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Gun rights decision may sound the death knell for gun bans

By Steve Simpson
web posted October 29, 2001

It has long been an article of faith among gun controllers that the Second Amendment merely protects the right of states to maintain and arm militias. Proponents of this "collective rights" argument contend that, while members of the National Guard may possess guns, everyone else can be disarmed.

Gun control myths die hard, but this one may finally be on its last legs. On October 16th, the collective rights theory suffered its harshest blow yet when the Fifth Circuit Court of Appeals held in U.S. v. Emerson that the Second Amendment was intended to do precisely what it says: guarantee an individual right to bear arms. After clarifying a widely misinterpreted Supreme Court case from 1939, the court carefully analyzed the text and history of the Second Amendment and concluded that the "collective rights" position was untenable. It remains to be seen what the ultimate impact of the decision will be, but it does not bode well for future efforts to disarm Americans.

It is fitting that Emerson should be decided at a time when Americans seem more concerned about defending themselves than at anytime in recent memory. In the wake of the terrorist attacks, Americans are buying guns in droves, and a recent Zogby opinion poll indicates that a majority support the right to carry guns for self defense.

It is also fitting that the decision should come during a year of serious setbacks for gun controllers. They lost important allies in the White House and Justice Department with the election of George W. Bush. Efforts to cripple gun makers with liability lawsuits have largely failed, with most of the suits being dismissed. And gun control organizations are experiencing hard times. The Million Mom March organizers closed their doors and merged with Handgun Control, Inc. The new organization, which changed its name to the "Brady Campaign to Prevent Gun Violence" in an effort to soften its public image, recently laid off nearly 20 per cent of its workers.

Of course, gun controllers are not retreating yet. They have never been particularly sensitive to the harsh realities of life and it is unlikely that recent events will change that. Indeed, at least one organization has tried to spin the Emerson decision as a victory, and the terrorist attacks seem to have left many gun controllers in a state of denial. A Washington Post editorial recently wondered how safe we would all be "surrounded by edgy people with guns . . . but little or no weapons training." Luis Tolley, a director for the Brady Campaign to Prevent Gun Violence, commented to the LA Times that "the last thing people want is to have to worry about whether the guy sitting next to them at a Dodgers game is carrying a gun."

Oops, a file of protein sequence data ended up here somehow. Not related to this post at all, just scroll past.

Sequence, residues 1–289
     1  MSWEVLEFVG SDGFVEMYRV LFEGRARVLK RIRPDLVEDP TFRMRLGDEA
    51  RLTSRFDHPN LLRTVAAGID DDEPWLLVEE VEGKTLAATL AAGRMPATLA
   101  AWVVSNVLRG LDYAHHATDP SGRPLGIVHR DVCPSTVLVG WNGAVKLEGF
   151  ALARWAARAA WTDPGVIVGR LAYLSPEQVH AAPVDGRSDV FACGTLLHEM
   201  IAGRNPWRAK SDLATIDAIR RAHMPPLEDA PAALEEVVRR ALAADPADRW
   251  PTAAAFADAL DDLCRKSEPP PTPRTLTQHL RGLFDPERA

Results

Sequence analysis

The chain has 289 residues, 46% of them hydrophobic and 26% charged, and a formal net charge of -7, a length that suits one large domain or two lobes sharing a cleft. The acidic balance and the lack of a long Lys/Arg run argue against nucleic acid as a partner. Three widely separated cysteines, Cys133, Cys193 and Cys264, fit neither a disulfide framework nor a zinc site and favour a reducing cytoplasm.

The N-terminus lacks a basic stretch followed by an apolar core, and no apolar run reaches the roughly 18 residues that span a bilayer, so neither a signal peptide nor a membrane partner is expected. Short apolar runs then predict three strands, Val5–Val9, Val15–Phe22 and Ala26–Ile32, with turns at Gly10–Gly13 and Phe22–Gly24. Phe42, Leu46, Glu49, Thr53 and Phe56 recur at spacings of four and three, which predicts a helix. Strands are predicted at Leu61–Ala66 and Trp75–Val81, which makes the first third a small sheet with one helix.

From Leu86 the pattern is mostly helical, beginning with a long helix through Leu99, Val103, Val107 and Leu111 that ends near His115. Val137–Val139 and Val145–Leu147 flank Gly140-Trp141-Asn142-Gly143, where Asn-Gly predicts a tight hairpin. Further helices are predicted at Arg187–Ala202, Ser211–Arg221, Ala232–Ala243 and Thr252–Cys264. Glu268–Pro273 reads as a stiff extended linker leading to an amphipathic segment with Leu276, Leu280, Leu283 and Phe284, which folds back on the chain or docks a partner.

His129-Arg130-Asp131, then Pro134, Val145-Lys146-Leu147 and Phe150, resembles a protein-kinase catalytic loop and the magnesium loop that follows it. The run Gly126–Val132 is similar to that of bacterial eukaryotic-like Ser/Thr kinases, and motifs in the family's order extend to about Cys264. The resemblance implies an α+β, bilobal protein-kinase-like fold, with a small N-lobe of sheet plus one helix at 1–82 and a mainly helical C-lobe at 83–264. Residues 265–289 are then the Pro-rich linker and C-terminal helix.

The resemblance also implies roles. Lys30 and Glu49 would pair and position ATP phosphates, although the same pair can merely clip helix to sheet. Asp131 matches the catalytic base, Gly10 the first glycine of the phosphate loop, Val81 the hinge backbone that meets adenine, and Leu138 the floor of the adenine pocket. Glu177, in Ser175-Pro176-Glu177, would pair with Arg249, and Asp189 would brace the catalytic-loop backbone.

In fact, it seems clear that the last thing Americans want these days is to be caught unprepared to defend themselves in a crisis. Compare the Los Angeles riots, where only armed Korean grocers were able to defend themselves, with the aftermath of Hurricane Andrew, where looting was virtually nonexistent because South Floridians were armed to the teeth. In both cases, the police were powerless to protect people. Americans seem to have learned an important lesson from these events that gun controllers refuse to face: in times of crisis, you are on your own.

Perhaps the gun controllers' refusal to face reality will finally usher in their undoing. The aftermath of September 11th has seen many politically-correct chickens come home to roost. The impact of leftist mischief is being felt in our military and intelligence communities, police forces, and most notably in schools and on college campuses. While foolish policies are the result of bad ideas that must be defeated on their merits (or lack thereof), a necessary first step is to expose the fools who hold them. It may seem ridiculous to argue that disarming Americans is a sensible solution to crime after terrorists armed only with box cutters were able to pull off the worst attack in American history. But gun controllers -- bless their hearts -- are still trying, and we can thank them for continuing to press the party line in the face of all good sense.

While the Emerson decision is not likely to end efforts to disarm Americans, it may very well mark the beginning of the end of such efforts. For the sake of freedom, honesty, and good sense, we can only hope that it does.

Steve Simpson is an attorney in Washington, D.C. E-mail him at ssimpson@ij.org.

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  • The poisoned well by Dr. Michael S. Brown (September 10, 2001)
    Some people are suggesting that the two sides of the gun control debate seek some rapprochement. Dr. Michael S. Brown wonders what the point would be when one side refuses to tell the truth
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